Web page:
kaykrillAn avid skier, Kay Krill revealed her passion for online shopping and multi-tasking in a single sentence. “I was up in the air on a three-minute gondola ride last weekend in Vermont, pulled out my phone and purchased two things” from a home decorating website, the CEO of Ann Inc., home of the Ann Taylor and LOFT brands, said in a speech during the recent Wharton Women Business Conference. “Shopping online is the way of the future. The challenge is figuring out what that will do to bricks and mortar [stores].”

Dressed in black leggings, high boots and a bolero jacket with tufts of leather and fur, Krill’s elegantly casual look would fit in anywhere — a signature of the brands that make up the $2.2 billion company that she oversees. One of just 21 women in the United States to run a Fortune 1000 public company, Krill notes that Ann Inc. is “a company of women, for women.” Indeed, of the firm’s approximately 20,000 employees, about 93% are female.

When someone at the conference inadvertently called Krill “Ann,” she laughed noting, “I get that all the time.” But Krill did not step into Ann Taylor’s peep-toed shoes — indeed, no such person existed. The firm was founded in New Haven, Conn., in 1954 by Robert Liebeskind, who was given the Ann Taylor name by his dressmaker father. Liebeskind thought “Ann Taylor” sounded classy enough to complement the upscale, tailored clothes on his racks.

In 1977, Liebeskind sold Ann Taylor — now a regional chain — to the Garfinckel’s department store company, which also owned the Brooks Brothers brand. The brand changed hands a few more times before going public in 1991.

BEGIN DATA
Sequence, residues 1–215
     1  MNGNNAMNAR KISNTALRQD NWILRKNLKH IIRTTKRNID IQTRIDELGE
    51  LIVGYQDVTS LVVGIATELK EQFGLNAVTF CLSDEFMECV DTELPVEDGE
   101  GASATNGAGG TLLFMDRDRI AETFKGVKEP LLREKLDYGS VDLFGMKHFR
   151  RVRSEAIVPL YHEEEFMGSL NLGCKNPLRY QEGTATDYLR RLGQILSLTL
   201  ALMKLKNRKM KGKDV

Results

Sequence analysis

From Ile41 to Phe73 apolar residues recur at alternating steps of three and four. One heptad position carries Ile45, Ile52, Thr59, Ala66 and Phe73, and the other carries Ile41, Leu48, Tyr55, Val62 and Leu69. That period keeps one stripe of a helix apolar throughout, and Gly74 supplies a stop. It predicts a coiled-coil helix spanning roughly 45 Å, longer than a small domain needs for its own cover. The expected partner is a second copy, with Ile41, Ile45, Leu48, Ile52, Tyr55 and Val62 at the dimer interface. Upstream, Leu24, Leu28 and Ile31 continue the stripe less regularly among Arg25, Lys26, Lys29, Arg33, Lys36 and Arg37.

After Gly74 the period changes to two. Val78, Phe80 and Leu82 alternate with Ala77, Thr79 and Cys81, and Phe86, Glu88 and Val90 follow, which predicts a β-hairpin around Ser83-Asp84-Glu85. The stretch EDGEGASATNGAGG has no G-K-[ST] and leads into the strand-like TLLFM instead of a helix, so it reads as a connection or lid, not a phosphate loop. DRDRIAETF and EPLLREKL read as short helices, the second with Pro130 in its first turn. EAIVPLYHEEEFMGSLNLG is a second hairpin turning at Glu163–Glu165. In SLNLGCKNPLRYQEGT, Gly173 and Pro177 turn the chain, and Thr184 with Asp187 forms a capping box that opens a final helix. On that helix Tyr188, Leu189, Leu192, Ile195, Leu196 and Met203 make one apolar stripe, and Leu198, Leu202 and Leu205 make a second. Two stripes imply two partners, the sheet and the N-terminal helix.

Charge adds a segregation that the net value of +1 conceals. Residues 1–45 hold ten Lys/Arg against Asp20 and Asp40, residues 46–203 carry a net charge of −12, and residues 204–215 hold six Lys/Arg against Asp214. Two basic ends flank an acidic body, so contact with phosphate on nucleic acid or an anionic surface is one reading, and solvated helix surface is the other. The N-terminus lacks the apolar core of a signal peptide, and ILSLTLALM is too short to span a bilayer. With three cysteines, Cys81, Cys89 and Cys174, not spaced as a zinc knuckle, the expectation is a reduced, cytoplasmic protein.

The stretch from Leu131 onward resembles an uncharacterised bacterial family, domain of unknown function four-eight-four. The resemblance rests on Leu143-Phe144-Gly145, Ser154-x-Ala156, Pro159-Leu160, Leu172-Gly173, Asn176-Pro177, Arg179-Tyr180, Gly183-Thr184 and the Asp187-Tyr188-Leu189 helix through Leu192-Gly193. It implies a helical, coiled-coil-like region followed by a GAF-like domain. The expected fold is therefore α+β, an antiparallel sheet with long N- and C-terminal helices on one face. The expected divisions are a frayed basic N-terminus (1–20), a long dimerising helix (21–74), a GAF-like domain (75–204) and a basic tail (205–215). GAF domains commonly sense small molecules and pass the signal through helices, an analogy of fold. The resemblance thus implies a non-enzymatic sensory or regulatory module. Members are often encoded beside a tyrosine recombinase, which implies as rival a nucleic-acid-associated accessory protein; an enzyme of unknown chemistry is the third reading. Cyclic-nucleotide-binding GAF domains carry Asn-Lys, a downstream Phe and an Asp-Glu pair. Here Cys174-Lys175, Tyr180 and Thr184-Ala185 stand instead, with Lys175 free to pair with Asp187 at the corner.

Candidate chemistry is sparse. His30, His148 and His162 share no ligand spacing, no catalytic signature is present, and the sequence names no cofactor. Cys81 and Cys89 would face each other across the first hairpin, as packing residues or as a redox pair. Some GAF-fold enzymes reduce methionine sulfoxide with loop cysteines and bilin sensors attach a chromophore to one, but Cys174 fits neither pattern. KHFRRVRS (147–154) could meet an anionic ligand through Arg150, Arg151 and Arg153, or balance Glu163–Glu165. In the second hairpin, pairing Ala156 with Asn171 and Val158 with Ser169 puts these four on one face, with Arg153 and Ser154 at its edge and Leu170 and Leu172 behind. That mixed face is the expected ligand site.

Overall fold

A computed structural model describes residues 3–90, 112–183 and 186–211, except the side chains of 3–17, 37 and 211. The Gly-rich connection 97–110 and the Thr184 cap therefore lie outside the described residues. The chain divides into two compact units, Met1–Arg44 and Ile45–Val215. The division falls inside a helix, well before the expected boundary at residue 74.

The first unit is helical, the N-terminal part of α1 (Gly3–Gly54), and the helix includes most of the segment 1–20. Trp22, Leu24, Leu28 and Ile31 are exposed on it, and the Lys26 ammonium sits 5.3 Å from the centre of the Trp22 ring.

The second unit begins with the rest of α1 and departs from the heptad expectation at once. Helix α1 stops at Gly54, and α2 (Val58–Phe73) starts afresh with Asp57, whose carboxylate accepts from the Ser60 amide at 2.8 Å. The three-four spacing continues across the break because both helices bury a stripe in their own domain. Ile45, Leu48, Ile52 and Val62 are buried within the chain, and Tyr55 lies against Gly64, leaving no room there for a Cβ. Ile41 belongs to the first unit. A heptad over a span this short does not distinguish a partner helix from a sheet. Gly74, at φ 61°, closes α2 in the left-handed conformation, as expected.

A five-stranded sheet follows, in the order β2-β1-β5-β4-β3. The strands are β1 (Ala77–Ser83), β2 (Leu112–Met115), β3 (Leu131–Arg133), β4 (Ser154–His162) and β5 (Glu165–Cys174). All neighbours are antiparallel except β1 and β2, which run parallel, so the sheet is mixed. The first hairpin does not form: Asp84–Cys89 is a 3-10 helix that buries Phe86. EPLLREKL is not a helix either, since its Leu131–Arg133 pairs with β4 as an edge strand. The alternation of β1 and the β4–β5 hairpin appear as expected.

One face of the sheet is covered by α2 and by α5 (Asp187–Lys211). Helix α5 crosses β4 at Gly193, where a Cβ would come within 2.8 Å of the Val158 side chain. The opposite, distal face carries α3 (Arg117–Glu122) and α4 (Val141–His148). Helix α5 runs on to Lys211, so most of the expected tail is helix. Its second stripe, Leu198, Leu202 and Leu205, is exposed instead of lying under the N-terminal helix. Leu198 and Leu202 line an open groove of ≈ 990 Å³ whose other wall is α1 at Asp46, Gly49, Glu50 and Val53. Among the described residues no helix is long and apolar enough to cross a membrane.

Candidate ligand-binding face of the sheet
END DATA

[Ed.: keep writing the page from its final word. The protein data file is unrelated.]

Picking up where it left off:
Krill’s career started when she took a management trainee job at Macy’s after graduating from Agnes Scott College, a small, liberal arts school in Decatur, Ga., where she majored in psychology and economics. “I didn’t have a clue what I wanted to do. I loved clothes … but I really loved tennis. I thought maybe I would find a career in sports,” Krill said. “The important thing is finding your passion. Life is too short to get up every morning and not love what you do. There is no set time when you will find your passion, but in the long run, don’t settle for less.”

After leaving her job at Macy’s, Krill moved around the country in pursuit of a retail career. She worked for Talbot’s for eight years, followed by a stint at Mark Shale, an upscale retailer in the greater Chicago area that closed late last year after an 83-year run. Later, she took a job at Carroll Reed, a firm known for preppy clothes and must-have ski wear that also eventually folded.

Krill joined Ann Taylor as vice president of merchandising in 1994, three years after the company went public. She became president of the LOFT division in 2001 and president of Ann Inc. in 2004. Krill gained the title of CEO in 2005.

At the Wharton conference, she cited the launch of LOFT in 1998 as a career high. Her marching orders at the time were to create “Ann Taylor light,” a line of trendier, more casual clothes that appealed to a younger demographic than the flagship brand and that were also less expensive (or, as Krill likes to say, were sold at “surprising prices.”)

“My first try was not a success, but I was not giving up,” Krill recalled. “I kept begging the board to give me and my very small team more time. Finally, we did figure it out, which was the highlight of my career. Now, Loft is bigger than Ann Taylor.” Of the company’s 981 stores in 47 states, more than 500 are LOFT locations. Less than 300 are Ann Taylor and the rest are LOFT and Ann Taylor outlets. The company also operates an online business, which includes a line of wedding and bridesmaids dresses.

Rethinking Everything